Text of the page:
Directed by Ricky Lau
Produced by Sammo Hung
Written by Wong Ying, Sze-To Cheuk-Hon, Ricky Lu and Barry Wong
Cast: Lam Ching-Ying, Ricky Hui, Chin Siu Ho, Moon Lee, Huang Ha, Yuen Wah, Pauline Wong Siu-Fung, Billy Lau, Anthony Chan, Ka Lee, Wu Ma, and Wong Wan-Si
When a deadly vampire is unleashed after a reburial goes awry, a stoic-faced priest and his two clumsy sidekicks must put an end to the menace.
Hopping vampires and kung fu being a recipe for fun strike many as odd. Mr. Vampire is a delightful escapade of horror and action comedy that would spawn a minor franchise, and turn one of its lead star, Lam Ching-Ying, as Hong Kong’s goto vampire hunter. Mr. Vampire wasn’t the film that made killing vampires a subgenre in Hong Kong cinema, but it was definitely the one that catapulted that subgenre to a new kind of popularity.
Mr. Vampire does downplay its horror elements for the sake of comedy. Nevertheless, the tinge of horror that exists is still felt strongly in its depiction of vampires. The vampires look like ghastly corpses that can kill. The facial makeup is intricately detailed, and their odd jumpy movement is unsettling despite the comedic overtone. The female ghost whose appearance is probably totally unnecessary since she just creates a pointless subplot. She has a foreboding presence even though she mainly exists for sleazy antics. Mr. Vampire’s paranormal elements don’t appear to be self-conscious of its action-comedy elements. It is the utter sincerity in both of these styles that enables Mr. Vampire to be so fun. In short, Mr. Vampire gives its viewers the best of both worlds. The production designs look like they belong in a horror picture while it has beats of an action comedy.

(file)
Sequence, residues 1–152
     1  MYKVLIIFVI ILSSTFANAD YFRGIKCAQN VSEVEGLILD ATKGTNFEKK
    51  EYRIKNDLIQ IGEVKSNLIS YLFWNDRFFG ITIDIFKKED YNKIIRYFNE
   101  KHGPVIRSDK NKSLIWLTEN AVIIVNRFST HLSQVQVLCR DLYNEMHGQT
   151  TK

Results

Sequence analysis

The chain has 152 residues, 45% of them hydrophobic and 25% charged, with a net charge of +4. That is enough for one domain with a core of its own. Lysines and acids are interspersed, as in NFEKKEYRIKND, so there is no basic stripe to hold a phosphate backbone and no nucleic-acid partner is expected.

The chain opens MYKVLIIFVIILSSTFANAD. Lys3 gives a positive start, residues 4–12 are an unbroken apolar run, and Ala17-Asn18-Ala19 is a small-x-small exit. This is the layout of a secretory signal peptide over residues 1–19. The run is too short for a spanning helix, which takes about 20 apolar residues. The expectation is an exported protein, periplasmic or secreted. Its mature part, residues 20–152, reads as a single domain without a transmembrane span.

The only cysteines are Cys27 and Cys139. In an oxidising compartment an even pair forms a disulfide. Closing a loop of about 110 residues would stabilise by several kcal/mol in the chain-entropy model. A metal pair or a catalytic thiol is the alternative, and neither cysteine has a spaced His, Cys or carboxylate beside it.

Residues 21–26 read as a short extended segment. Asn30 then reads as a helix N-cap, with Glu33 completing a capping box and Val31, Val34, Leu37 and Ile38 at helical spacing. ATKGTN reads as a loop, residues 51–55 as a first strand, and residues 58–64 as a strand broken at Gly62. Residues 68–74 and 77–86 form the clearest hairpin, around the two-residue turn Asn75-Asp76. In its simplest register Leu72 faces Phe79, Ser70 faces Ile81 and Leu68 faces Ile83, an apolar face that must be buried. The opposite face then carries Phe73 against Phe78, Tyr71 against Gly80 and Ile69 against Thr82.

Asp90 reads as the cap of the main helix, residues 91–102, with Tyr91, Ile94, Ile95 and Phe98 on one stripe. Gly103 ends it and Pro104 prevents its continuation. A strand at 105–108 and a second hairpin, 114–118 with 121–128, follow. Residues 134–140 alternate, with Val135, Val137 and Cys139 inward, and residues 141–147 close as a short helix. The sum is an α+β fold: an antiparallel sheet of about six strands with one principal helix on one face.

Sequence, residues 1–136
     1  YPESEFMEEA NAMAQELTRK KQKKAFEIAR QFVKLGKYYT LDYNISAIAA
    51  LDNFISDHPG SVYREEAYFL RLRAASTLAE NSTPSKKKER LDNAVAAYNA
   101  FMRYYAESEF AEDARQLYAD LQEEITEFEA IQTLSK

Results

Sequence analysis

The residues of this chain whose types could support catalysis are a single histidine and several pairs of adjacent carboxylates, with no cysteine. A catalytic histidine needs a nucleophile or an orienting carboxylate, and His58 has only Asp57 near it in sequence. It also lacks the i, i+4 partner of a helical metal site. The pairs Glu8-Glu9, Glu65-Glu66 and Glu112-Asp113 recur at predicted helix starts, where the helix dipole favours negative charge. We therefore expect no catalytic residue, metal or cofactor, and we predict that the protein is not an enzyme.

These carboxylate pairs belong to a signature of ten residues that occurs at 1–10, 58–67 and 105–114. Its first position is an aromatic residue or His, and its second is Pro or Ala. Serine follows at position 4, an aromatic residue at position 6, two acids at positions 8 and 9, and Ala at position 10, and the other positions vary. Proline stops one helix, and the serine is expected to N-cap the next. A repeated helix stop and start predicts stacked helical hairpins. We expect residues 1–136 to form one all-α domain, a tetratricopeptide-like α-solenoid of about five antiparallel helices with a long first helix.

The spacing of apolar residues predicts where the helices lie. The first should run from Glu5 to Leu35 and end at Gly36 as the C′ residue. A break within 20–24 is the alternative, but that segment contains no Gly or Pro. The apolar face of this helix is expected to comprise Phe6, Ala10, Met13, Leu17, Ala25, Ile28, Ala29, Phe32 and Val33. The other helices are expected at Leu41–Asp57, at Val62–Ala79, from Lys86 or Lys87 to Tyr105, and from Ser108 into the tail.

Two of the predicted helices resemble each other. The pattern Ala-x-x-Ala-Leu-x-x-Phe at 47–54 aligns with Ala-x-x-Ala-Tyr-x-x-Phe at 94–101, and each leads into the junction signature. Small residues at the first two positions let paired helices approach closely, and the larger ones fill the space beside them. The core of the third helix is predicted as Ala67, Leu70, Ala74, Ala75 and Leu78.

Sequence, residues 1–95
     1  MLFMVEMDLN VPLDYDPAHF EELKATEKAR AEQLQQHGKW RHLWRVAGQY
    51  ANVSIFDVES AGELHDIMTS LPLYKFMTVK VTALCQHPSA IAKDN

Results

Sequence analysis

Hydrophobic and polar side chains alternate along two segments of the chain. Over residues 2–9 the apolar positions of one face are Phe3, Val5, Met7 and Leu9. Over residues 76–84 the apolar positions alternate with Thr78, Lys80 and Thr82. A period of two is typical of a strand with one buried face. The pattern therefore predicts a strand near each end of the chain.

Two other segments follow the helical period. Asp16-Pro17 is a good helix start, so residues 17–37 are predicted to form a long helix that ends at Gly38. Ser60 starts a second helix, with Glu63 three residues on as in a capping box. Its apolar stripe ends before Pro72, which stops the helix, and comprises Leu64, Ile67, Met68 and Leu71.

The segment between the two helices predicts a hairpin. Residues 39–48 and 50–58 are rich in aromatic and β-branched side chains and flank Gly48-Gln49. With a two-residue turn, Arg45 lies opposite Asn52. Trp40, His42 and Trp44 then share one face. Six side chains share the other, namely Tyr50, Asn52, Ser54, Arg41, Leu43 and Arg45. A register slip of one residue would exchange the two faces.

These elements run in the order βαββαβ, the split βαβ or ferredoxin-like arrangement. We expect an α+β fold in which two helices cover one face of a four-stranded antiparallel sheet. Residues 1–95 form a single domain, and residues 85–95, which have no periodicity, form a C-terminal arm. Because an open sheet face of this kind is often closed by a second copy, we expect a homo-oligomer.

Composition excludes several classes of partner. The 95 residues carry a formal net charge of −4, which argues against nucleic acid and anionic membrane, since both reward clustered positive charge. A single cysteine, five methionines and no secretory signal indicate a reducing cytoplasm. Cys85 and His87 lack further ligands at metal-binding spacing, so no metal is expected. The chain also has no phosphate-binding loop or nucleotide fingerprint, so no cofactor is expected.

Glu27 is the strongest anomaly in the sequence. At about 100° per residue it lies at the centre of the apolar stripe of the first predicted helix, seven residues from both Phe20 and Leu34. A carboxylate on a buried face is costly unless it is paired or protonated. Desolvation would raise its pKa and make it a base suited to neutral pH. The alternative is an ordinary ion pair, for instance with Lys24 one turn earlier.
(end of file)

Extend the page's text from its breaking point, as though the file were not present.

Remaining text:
Master Kau, the stoic-faced priest brings a sense of solemness to the whole ordeal. He single-handedly is able to pull this off. If there was no Master Kau, Mr. Vampire would have no gravitas or stakes. His solemnness is able to persuade us of the merits of the absurd rituals, he performs. Master Kau is the only counterforce to all of the levity,yet, it works. His two apprentices are worthy foils to Master Kau. Their high jinks take advantage of the odd fusion of horror and comedy well to deliver many moments of great fun. The three formed the backbone of Mr. Vampire’s quality, and the three execute many sequences of amazing choreography as well.
Mr. Vampire is a near perfect synthesis of horror and action comedy. It succeeds in its genre blending by capitalizing on the best elements of the two genres. An odd fusion that never ceases to be inventive fun.